Hyperscale data centers are a popular option, and with the increase in data storage needs, these data centers will only continue to expand in size. In his article, “The Eight Trends That Will Shape the Data Center Industry in 2019”, Rich Miller quotes Compass Datacenter’s CEO, Chris Crosby, about the future of hyperscale data centers. Crosby predicts that the hyperscale sector will produce about the same amount of capacity for data centers in the next two years as it produced in the previous five years. That is a bold prediction, but like the cloud, artificial intelligence, machine learning and the Industrial Internet of Things are all rapidly growing, and more storage will be needed to hold the data.
Edge Data Centers
Finding a definition for edge data centers is not easy. Edge data centers are similar to their traditional counterparts, except that they are smaller and built on the edge of the end user. Edge data centers decrease latency, increase capacity and improve connectivity.
The Telecommunications Industry Association (TIA) created a great chart (below) that helps define edge data centers by comparing them to traditional data centers.
|Category||Traditional Data Center||Edge Data Center (EDC)||Comments|
|Location||Site selection is well planned and is strategically located||Anywhere, downtown to remote, not readily available, hazardous; latency may force a compromise||A large multi-story DC vs an EDC which could be a 1/2 rack in a cabinet|
|Building Types||Usually newly purpose built DC facility with fully integrated systems & support; potentially multi-tenant facility||Many options: 1) modified cell tower shelter; 2) modified cabinet; 3) Drop and Plug Shelter; 4) Drop and Plug Cabinet; 5) IDF closet in a Building; 6) Co-located in a Central Office or Data Center; 7) In box on a light pole, etc.||There are many more possibilities for EDCs and most of these will require site preparation. Scale-out will favor standardized drop & plug designs.|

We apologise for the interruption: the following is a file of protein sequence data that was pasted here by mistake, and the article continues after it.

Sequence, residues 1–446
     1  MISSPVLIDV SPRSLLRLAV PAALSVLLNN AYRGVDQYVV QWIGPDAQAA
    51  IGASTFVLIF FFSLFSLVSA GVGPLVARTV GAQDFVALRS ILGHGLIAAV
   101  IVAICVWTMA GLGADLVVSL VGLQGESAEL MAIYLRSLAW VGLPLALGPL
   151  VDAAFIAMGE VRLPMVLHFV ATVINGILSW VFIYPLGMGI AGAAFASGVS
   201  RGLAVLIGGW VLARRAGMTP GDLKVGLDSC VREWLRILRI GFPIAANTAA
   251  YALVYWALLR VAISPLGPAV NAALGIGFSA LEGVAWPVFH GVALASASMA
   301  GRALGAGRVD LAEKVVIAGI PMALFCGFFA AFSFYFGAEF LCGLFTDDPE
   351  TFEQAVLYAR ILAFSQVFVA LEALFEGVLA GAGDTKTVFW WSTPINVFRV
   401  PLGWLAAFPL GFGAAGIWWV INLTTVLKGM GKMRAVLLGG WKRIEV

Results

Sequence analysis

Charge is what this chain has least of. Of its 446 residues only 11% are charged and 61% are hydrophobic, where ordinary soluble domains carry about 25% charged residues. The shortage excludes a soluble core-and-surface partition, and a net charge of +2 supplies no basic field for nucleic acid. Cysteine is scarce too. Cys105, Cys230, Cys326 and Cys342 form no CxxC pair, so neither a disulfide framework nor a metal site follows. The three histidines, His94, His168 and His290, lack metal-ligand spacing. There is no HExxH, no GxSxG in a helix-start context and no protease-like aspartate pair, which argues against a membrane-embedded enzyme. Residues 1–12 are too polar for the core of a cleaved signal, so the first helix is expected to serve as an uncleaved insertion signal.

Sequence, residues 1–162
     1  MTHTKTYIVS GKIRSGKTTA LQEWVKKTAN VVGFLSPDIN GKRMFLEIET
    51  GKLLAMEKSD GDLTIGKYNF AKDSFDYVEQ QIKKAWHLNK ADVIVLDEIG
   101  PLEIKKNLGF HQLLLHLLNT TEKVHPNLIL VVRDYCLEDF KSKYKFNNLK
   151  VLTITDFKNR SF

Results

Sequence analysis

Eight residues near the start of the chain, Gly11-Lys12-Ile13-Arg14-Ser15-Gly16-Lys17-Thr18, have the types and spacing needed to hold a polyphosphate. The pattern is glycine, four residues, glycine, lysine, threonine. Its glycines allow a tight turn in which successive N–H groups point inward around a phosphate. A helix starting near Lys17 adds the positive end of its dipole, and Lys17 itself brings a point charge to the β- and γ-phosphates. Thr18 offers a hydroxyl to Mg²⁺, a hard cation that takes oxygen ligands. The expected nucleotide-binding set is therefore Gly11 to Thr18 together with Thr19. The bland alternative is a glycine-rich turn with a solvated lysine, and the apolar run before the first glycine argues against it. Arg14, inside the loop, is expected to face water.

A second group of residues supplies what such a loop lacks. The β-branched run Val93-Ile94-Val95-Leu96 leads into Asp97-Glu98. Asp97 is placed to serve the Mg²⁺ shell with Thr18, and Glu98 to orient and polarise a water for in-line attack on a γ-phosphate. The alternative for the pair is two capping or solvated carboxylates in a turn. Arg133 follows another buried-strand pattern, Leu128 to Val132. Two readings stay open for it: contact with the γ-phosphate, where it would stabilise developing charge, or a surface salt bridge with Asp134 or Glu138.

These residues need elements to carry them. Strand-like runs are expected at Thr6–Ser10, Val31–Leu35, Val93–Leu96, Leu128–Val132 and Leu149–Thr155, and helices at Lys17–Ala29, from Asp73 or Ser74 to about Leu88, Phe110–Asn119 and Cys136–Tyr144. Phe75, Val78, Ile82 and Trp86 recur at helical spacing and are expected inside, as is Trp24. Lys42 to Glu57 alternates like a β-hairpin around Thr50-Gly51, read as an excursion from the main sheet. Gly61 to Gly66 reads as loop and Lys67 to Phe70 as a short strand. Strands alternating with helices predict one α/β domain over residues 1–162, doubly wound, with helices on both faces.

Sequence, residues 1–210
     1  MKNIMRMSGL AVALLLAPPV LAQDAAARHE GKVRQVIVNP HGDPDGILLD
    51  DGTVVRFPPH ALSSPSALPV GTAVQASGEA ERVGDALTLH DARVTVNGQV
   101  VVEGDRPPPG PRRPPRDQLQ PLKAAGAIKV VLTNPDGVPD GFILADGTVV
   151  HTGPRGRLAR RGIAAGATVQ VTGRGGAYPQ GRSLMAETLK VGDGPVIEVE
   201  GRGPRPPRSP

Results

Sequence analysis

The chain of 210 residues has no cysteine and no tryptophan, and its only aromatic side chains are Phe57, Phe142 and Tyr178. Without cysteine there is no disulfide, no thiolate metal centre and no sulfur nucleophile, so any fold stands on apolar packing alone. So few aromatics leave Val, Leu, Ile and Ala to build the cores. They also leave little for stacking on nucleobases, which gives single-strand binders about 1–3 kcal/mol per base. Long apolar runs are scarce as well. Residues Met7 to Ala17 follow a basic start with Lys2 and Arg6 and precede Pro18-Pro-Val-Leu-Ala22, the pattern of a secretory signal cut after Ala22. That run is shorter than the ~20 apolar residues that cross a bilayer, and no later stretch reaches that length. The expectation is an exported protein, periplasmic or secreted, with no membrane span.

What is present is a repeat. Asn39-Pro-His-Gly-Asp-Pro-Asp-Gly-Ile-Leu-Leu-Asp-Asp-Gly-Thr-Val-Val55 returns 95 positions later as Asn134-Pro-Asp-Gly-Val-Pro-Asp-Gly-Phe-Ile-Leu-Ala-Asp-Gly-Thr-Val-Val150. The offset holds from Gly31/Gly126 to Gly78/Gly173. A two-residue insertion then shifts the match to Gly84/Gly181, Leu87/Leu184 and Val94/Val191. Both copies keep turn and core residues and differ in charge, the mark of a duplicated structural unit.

|Proximity to end-users or connected devices||Could be very far, even cities or counties away||Typically, very close, determined by latency requirements||Latency is a key driver for EDC locations.|
|Application||General purposes; could support thousands of applications||Few; specific and latency sensitive applications||EDCs provide smaller cloud capacity to support varied applications.|
|Latency||Higher, due to distance from end-user||Specific latency requirements||RTT <20ms may require EDC. EDCs can address specific business needs vs more generic, centralized DCs.|
|Availability||Mission-critical data, applications, and services per ANSI/TIA942 standards||Smaller scale, still mission-critical, with reduced time added to data, applications, and services. Modified ANSI/ TIA-942 standards.||Critical systems, power, cooling, network capacities and others will need to be balanced against scale-out requirements.|
|Size||Varies by design, typically larger than 100s, or 100,000s sq. ft.||Smaller, perhaps a few racks||Think small for EDCs – For every 1 DC there could be 100s or even 1,000s EDCs|
You can find edge data centers in many locations. For example, one could be found near 5g technology, by a cell tower, helping in a disaster recovery site or even behind a commonplace of business such as a gas station. Edge data centers sound like onsite data centers, but an offsite company or colocation typically manages them.
Edge data centers are continuing to trend in the market as organizations look to be more efficient by building their data centers closer to their location to reduce latency.
Data Center Technology
What kind of data center should I use? What are the requirements for my data center? These are common questions when trying to determine the best data center design, and with trends always evolving it may seem difficult to choose, but with the right information, the choice will be clear.